- The Washington Times - Tuesday, March 11, 2003

ASSOCIATED PRESS
In one commercial a woman says her husband needed emergency care, but surgeons weren't available. "Lawsuits against doctors and hospitals have made it too expensive for them to practice," she says.
In another ad, a woman tells of having a double mastectomy after being informed, mistakenly, that she had breast cancer. "I will never have what I had before," she adds.
Different aggrieved parties of the same debate, Leanne Dyess and Linda McDougal are featured in television commercials that begin airing in the Washington area today as Congress works on President Bush's legislation to limit medical-malpractice awards.
The commercials are the work of competing well-heeled groups, the American Hospital Association (AHA), which is supporting the bill, and the Association of Trial Lawyers of America, which is opposed.
Officials on both sides say the ads are little more than a symbol of the broader war building over the legislation, which is expected to pass the House this week.
Once the battle shifts to the Senate, both sides say, the advertising will spread to states of key lawmakers. Other groups, including doctors and health insurance companies, also may begin buying television spots to sway pivotal congressional members.
Carlton Carl, a spokesman for the trial lawyers, said the purpose of the advertising is to "educate the public and obviously members of Congress about what this legislation would do to real people, which is to penalize the patients most seriously injured by medical malpractice."
Mrs. McDougal, a 46-year-old mother of three who lives in Wisconsin, recounts her story in the ad.
"I was told that I had cancer. After my double mastectomy, the surgeon walked into my room and told me I never had cancer. The pathologist had switched slides and made a very big mistake," she said.
A cap on medical malpractice would mean "no accountability to the people causing the mistakes," she said.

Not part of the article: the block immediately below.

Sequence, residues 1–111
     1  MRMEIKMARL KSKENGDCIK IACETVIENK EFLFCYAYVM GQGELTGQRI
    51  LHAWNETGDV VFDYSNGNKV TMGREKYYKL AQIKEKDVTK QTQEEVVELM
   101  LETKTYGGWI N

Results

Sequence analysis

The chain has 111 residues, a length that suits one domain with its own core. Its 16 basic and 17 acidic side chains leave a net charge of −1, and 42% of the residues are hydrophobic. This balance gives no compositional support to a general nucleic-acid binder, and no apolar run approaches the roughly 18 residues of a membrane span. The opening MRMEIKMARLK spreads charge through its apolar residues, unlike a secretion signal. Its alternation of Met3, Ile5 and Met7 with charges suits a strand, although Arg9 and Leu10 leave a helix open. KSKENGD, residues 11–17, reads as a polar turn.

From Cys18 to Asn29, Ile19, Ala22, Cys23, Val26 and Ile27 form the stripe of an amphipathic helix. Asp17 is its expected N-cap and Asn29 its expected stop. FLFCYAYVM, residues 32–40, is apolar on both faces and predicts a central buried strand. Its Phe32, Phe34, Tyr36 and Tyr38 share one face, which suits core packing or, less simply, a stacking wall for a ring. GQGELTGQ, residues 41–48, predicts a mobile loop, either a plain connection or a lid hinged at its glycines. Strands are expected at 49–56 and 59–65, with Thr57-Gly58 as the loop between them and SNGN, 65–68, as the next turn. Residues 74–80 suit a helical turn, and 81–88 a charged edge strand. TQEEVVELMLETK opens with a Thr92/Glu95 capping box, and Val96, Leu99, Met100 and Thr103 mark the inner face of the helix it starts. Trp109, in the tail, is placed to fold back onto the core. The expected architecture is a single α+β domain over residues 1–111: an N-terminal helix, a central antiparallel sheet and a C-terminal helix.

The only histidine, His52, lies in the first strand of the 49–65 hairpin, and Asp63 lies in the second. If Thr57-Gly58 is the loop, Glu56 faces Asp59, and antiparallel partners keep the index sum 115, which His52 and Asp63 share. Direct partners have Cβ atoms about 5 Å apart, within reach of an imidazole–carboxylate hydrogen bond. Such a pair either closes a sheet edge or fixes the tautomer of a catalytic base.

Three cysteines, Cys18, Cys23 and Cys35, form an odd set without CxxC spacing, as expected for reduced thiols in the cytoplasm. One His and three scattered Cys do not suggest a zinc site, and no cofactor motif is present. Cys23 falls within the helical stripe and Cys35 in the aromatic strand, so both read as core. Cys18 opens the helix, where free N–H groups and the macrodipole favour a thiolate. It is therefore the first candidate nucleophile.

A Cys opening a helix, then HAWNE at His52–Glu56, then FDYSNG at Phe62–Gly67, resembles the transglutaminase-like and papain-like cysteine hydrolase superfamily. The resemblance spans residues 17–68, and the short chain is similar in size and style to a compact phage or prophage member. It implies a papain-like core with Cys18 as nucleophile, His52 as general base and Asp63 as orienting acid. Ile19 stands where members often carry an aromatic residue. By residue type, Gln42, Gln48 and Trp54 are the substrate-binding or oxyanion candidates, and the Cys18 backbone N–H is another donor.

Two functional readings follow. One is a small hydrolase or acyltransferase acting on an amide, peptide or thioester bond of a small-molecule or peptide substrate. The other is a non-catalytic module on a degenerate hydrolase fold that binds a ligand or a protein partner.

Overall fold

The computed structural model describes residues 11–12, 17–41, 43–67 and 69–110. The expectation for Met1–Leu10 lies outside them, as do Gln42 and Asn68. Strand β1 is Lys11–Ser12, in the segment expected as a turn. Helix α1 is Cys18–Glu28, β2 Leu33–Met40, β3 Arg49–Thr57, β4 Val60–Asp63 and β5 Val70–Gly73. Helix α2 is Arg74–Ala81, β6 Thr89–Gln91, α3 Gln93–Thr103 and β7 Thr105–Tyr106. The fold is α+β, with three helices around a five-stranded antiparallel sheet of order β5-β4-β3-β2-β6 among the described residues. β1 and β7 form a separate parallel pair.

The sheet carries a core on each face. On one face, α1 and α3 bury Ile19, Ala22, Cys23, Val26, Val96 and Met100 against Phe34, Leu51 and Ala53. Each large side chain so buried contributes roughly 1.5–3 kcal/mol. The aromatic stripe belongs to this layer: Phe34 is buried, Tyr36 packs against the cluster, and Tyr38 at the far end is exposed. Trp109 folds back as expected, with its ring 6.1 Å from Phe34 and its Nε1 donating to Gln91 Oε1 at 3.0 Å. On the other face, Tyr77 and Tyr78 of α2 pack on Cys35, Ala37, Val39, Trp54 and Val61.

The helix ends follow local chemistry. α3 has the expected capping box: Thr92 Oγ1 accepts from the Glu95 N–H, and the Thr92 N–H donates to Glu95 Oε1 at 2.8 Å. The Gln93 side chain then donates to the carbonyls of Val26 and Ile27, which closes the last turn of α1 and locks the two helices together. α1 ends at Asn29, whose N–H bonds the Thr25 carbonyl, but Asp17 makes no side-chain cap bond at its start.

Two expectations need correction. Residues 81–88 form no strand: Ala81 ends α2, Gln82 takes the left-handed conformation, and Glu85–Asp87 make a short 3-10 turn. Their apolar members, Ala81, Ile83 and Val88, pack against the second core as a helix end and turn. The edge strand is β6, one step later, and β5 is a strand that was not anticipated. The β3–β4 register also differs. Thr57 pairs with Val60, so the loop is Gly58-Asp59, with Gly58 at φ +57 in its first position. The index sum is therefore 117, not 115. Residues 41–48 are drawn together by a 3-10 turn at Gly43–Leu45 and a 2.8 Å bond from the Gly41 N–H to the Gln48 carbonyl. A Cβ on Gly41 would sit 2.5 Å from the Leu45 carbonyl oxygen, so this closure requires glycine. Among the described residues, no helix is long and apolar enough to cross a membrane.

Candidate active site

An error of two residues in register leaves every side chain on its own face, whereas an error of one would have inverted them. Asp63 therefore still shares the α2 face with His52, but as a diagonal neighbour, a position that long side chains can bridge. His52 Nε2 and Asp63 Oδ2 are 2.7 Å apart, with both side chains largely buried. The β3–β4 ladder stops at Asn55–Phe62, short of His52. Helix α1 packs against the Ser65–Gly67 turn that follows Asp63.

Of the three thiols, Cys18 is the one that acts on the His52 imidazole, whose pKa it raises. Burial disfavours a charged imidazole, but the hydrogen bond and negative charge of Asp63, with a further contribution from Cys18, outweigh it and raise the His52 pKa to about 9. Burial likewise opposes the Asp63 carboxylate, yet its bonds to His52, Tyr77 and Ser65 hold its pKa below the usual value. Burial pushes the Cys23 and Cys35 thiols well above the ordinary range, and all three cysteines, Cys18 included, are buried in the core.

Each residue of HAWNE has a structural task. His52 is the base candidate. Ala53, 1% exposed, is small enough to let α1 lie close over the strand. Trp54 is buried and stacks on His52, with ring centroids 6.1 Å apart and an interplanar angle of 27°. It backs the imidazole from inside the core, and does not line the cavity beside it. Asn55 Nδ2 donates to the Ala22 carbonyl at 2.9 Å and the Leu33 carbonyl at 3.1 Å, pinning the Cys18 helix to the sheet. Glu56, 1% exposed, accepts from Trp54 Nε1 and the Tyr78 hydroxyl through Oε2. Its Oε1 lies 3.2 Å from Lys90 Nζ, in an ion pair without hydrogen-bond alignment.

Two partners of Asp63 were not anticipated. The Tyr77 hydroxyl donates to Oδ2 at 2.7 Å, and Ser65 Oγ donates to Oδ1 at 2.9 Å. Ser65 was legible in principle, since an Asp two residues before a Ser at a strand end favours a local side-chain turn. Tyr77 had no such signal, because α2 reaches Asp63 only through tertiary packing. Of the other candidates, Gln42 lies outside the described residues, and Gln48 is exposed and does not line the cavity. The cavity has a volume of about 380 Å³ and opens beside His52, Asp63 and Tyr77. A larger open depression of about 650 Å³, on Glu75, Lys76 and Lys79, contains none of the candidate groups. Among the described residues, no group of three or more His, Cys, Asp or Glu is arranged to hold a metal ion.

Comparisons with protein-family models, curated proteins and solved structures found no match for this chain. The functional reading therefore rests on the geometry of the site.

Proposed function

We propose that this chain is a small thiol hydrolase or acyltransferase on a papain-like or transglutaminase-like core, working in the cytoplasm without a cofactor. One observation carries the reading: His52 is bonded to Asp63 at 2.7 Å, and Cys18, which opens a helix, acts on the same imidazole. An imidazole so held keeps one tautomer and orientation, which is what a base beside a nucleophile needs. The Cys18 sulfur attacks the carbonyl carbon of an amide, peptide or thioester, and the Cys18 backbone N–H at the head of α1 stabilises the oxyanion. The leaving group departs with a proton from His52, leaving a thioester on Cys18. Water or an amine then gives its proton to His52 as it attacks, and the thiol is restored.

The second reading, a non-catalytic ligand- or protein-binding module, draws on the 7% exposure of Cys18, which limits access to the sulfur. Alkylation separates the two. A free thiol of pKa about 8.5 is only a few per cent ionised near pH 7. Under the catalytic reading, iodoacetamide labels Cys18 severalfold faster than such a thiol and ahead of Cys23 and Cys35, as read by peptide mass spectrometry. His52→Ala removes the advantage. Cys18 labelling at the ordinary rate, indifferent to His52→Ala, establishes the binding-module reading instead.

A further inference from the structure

Kristen Morris of the AHA said her group was running commercials "to raise the profile of the issue. …There's a real argument to be made that access to health care is being impeded because of the escalating costs of medical liability."
Mrs. Dyess says in the other ad: "My family fell victim to a crisis in health care. My husband was in an accident. He was rushed to the hospital, but the surgeons who could have helped him were no longer there. Lawsuits against doctors and hospitals have made it too expensive for them to practice."
"We didn't get the care we needed, and today we suffer. But you don't have to. Congress can change the law."
AHA officials said Mrs. Dyess' husband, Tony, suffered head injuries in a car accident in the summer. He now "requires constant care, is unable to communicate, to work and to provide for his family," added Lee Amy, an AHA spokeswoman.
Legislation headed for the House floor on Thursday would put a $250,000 limit on noneconomic damages compensation for life-altering injuries, such as the loss of sight or limbs, or the death of a child.
There would be no cap on economic damages out-of-pocket costs that include lost wages, medical costs or funeral expenses.
Punitive damages to penalize a physician for serious mistakes would be limited to twice the amount of economic damages awarded or $250,000, whichever is greater.

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